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mannin1

No Teachers For Our Kids-- Why ?

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I find that hard to believe.

 

The primary school class my daughter is in doesn't have anywhere close to 30 kids in and she seems to be doing well.

Edited by notwell

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Pay teachers more, offer incentives, reduce class sizes.

 

Hardly rocket science (class).

 

I think that's one of the things we can agree on. If you want more teachers and thus reduced class sizes, pay teachers more and incentivise? ways into teacher training.

 

I was in a class of around 15 to 25, which was enough. There was enough disruption in those classes anyway, and I imagine it's harder due to the amount of phones in the classroom there days. (Though of course there are massive advantages to people having phones in the class room too, such as browsing the net thus increasing reading comprehension, and writing skills)

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Why would I lie Notty? Ans made a similar comment, I guess you're either from out of town or you're 'religious'.

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Why would I lie Notty? Ans made a similar comment, I guess you're either from out of town or you're 'religious'.

I'm not religious at all.thumbsup.gif

And I don't know what you class as "out of town". My daughter goes to a school in Douglas.

 

I suspect it is different in different schools? There is circa 20 in her class, if that. I know of another with similar. There again a girl that works with me says at her daughters school they seem to combine year 1 and 2 classes for certain activities.

 

It would help if catchment areas were expanded.

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Assuming there isn't already one, would having something like a school-centred initial teacher training course (SCITT) scheme on the Island help at all? I could be wrong, having only had a cursory look at the Department of Education's website, but it seems like the only way for residents on the Island to gain qualified teacher training is to travel across to do something like a BEd or Post Graduate Certificate of Education. Some of the problems with that are:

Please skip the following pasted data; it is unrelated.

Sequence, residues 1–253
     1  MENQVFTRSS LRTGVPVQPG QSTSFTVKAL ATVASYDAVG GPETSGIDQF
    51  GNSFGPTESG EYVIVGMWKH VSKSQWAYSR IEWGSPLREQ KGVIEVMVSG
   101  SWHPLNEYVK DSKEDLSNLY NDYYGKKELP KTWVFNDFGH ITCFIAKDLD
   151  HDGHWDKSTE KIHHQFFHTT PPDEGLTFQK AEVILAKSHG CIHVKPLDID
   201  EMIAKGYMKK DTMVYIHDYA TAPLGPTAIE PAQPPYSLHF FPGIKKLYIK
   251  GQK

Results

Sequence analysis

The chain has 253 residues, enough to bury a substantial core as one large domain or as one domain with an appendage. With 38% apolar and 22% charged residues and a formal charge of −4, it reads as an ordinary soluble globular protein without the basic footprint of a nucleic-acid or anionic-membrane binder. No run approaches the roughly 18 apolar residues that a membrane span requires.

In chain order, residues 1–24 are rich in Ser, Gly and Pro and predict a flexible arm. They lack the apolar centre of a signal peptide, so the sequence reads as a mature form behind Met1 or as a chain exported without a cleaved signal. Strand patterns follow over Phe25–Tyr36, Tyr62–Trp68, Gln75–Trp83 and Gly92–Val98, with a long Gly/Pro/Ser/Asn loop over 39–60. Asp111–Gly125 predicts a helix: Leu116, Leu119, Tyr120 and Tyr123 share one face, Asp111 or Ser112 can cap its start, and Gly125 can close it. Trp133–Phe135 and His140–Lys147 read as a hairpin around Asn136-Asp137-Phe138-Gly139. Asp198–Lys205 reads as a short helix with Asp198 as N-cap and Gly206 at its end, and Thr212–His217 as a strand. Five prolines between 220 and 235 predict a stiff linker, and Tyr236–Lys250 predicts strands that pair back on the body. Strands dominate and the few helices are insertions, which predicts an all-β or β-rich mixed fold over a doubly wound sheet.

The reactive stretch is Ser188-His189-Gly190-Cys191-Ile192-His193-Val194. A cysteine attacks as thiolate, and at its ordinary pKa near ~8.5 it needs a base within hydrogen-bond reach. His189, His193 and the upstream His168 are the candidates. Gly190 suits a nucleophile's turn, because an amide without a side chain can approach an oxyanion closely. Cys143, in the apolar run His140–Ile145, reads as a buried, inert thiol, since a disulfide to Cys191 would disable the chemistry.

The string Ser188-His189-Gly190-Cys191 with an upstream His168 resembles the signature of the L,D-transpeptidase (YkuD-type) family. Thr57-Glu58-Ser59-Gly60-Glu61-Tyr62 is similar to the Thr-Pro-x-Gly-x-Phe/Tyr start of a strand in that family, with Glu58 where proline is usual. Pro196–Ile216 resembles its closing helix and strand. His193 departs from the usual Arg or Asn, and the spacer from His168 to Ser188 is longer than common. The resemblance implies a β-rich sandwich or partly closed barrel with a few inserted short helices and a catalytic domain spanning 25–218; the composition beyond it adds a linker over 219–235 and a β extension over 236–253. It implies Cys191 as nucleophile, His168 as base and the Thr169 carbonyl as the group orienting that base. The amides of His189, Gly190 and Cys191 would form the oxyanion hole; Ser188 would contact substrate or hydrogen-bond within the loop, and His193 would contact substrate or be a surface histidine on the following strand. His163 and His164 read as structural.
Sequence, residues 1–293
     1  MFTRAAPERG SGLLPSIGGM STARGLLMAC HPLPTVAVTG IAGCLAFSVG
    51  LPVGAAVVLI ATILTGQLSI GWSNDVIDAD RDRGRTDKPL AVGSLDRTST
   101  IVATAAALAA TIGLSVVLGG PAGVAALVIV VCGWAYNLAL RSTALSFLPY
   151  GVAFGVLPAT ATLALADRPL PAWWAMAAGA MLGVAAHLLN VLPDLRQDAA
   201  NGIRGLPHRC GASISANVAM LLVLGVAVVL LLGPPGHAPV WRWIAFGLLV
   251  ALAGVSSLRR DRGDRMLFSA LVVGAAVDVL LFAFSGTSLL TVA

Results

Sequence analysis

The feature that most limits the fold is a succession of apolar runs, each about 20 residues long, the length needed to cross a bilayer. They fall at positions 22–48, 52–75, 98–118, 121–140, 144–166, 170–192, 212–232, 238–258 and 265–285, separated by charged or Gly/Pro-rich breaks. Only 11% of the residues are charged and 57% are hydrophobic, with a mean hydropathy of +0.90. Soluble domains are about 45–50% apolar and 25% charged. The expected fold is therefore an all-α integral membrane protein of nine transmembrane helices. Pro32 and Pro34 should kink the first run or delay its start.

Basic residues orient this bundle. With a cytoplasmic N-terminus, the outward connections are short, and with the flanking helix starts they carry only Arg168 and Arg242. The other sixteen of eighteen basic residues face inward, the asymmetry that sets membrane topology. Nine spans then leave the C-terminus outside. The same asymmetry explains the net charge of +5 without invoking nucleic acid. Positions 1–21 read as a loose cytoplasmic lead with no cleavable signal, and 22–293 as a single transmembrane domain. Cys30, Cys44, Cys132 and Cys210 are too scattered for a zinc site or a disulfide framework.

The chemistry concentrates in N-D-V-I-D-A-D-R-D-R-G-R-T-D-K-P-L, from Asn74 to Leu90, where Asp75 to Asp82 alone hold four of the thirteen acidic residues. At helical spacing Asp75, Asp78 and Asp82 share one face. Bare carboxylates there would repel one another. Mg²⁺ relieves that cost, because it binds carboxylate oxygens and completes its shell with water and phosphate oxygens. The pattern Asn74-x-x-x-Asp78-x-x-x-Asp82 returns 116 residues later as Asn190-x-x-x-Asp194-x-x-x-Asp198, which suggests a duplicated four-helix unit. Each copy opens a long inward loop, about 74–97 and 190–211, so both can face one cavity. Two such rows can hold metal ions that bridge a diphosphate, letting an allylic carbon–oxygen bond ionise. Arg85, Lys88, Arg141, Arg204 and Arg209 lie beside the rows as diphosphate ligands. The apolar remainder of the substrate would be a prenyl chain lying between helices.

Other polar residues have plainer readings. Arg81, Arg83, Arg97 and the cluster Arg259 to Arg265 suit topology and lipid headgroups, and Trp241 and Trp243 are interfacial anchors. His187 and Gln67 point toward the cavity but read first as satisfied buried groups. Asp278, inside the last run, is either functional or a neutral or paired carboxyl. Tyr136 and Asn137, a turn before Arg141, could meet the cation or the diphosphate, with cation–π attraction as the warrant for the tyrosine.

• it's difficult, or even impossible for a lot of people on the Island who might consider changing careers to go into teaching to do so; and
  • it runs the risk that those who do go across for teacher training will pick up a job there after qualifying and end up putting down roots while they wait for a teaching job to open up on the Island, making it less likely they'll return.

If there are enough people on the Island thinking of going into teaching to justify running a SCITT scheme (or something similar), possibly supported in some way by the college, doing so makes it a lot easier for them to train and qualify as a teacher and potentially opens up a whole new pool of candidates from which the schools could recruit. This might at least partially alleviate the problem we currently have of trying to attract people from the UK and other places.

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Assuming there isn't already one, would having something like a school-centred initial teacher training course (SCITT) scheme on the Island help at all? I could be wrong, having only had a cursory look at the Department of Education's website, but it seems like the only way for residents on the Island to gain qualified teacher training is to travel across to do something like a BEd or Post Graduate Certificate of Education. Some of the problems with that are:

  • it's difficult, or even impossible for a lot of people on the Island who might consider changing careers to go into teaching to do so; and